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3ds Max to WebGL Guide

This tutorial is aimed at 3ds Max users who seek for an easy way to publish their 3D models on the Web and have no time to read thick manuals. For this reason, only necessary steps have been mentioned that lead to a smooth 3ds Max-to-WebGL workflow.

Quick Résumé

  • Download and install Verge3D for 3ds Max
  • Create a new WebGL project
  • Add your models to the project and export
  • Publish on the Web

A few words about WebGL

WebGL is a feature which allows you to render interactive 3D graphics straight in modern web browsers without the need to download anything or use any third-party plug-ins. The bad part is that you need to be a graphics programmers to handle this technology. Fortunately, various WebGL toolkits exist to make your life easier.

One of them is Verge3D, a framework that features a comprehensive integration with Autodesk 3ds Max, a physically-based rendering pipeline, support for native materials and animation.

Step 1. Getting Started

Download Verge3D and run the .exe file so that unpacks to a directory of your choice. Make sure you have enough permissions to read/write in this folder. Installing in a system directory such as “Program Files” is not recommended.
Run 3ds Max, and select “Configure System Paths…” under “Customize” in the main menu bar.

Switch to the “3rd Party Plug-ins” tab and click the “Add…” button.

Navigate to the folder in which Verge3D is installed and then to the “max_plugin” folder inside it. Click “Use Path”.

Click “OK” and re-open 3ds Max.

Installation complete! Now you should see “Verge3D” in the main menu bar.

By the way, from now on you have a really great feature called “Sneak Peek”. By selecting the corresponding menu entry you will perform an export to a temporary folder and immediately show your scene in a new browser tab. Use this for quick tests when creating new projects is not feasible.

Step 2. Creating a new WebGL project

The App Manager as a web-based tool which opens up in the browser when you select the “Run App Manager…” menu entry.
You can create a new project using the form on the right. Just enter a project name (My Awesome App will also work) and click “Create App”. You can safely leave other creation options as is.

After you created a project, return to the main screen of the App Manager – your project should be listed there. Now you can proceed with your app in several directions: simply running it, authoring the graphics, creating interactive scenarios and finally, publishing.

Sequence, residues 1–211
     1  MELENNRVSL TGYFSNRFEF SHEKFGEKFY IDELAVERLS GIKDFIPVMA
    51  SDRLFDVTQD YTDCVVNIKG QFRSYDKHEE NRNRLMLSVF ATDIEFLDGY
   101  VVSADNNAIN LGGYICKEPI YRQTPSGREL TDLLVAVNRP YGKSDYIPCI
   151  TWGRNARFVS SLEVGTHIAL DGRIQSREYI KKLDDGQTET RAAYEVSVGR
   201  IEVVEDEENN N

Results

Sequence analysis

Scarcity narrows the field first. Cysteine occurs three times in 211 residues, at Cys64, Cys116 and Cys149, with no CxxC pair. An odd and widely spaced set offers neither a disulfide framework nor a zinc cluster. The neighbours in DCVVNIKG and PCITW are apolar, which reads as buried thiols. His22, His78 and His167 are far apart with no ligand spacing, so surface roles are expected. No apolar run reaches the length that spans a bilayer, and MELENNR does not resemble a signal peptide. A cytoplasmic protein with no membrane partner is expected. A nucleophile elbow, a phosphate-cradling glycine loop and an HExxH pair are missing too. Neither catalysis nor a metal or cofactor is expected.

You can run your app any time by clicking the Verge3D icons, either the blue or the green one. The blue icon launches an app in its final form, with its Puzzles scenario and the programming code (if present). On the contrary, the green icon only opens the exported scene.

Step 3. Adding 3ds Max assets and exporting

Clicking on the 3ds Max icon opens up the main .max file of your application. You can simply edit this file or completely replace it with your own asset.

Exporting is performed from the “Verge3D > Export glTF…” menu in 3ds Max. You can export your scene file right to the root of the application folder, in the WebGL-friendly format called glTF.

After successful export, launch your app by clicking the blue Verge3D logo icon in the App Manager.

Step 4. Publishing

You’ve created a web application and probably you’d like the zillions of Internet users to come and check it out. If you own a website, this won’t be a problem – simply upload the entire folder with your application to your server (for example, via FTP or SSH).
But what if you haven’t had the chance to become a webmaster? Actually, there is a button for that in the App Manager (one with the “Earth” icon). Clicking that button will upload your app to the Verge3D Network, a distributed hosting platform which comes with Verge3D.

You have many options here: you can share a public link to your app or create a new post using your social media account.

What’s next

In this step-by-step guide, we used Verge3D as a comprehensive web exporter, which “just” generates live WebGL views running in the browser. But you can do much, much more! With Puzzles, the powerful yet entertaining scripting environment which comes with Verge3D, you no longer have to be a programmer to do… programming. Try it out!

This is just a brief overview of Verge3D workflow with many topics possibly left undiscussed. Check out the Beginner’s Guide to learn about more exciting features of this framework.

By Alexander Kovelenov

Verge3D’s Tech Chief

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